When you are in a brightly lit room and shut off the light, the first thing that happens is your pupil gets bigger (dilates) to let in more light.  Even though your pupil lets in more light, it’s not enough to see in the dark. This is when the chemical rhodopsin in your rods splits into a few other chemicals and sends a message to the optic nerve, allowing your eyes to process even the faintest of light. Yet in total darkness, the chemical rhodopsin isn’t produced. It takes 10-30 minutes for your eye to recombine those chemicals again for proper vision.

So what does this have to do with pirates, you ask?

A tactile advantage

Well, the theory is that pirates discovered the best of both worlds. By wearing an eye patches at night, their eyes could adjust more quickly in the dark. Plus, rhodopsin was still being produced. Then, once they focused on their target or found themselves in a well-lit area, they could flip the eye patch up for optimal vision.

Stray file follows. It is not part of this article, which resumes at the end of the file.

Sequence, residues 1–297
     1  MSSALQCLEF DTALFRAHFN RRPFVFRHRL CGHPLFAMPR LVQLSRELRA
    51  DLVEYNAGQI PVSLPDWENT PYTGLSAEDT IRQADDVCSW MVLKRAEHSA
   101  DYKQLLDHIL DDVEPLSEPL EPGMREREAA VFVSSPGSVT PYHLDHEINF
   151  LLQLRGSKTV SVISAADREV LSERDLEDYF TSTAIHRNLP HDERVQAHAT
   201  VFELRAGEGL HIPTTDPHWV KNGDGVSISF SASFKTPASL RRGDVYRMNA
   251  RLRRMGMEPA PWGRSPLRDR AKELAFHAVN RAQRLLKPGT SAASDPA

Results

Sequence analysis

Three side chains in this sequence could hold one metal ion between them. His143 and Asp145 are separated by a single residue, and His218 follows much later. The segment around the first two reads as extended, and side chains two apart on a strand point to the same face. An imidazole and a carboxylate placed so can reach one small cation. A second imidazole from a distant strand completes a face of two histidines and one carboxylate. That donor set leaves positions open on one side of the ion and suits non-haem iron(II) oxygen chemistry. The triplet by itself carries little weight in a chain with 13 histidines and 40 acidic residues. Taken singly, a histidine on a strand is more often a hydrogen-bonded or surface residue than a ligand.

Avast me hearties!

You can test this theory for yourself to see if you agree. The next time you wake up in the middle of the night, cover one eye before you turn on the light. Find a target and then turn the light off and open both eyes. Perhaps you’ll notice that your eyes adjust to your target more quickly despite switching between darkness and light.

Myopia or Near-sightedness

With just about a month into school, many parents have gotten teacher feedback or comments from their children about difficulty seeing the board in front of the classroom or their reading skills have diminished. Don’t panic Myopia or Near-sightedness and Short-sightedness typically begins as early as age 6 and can come at any age through adulthood.

This would be a great time to schedule your child’s appointment with us to have their vision and overall eye health checked. You do not want them to fall behind in school for this simply corrected issue. There are some other symptoms to be alert to other than problems seeing: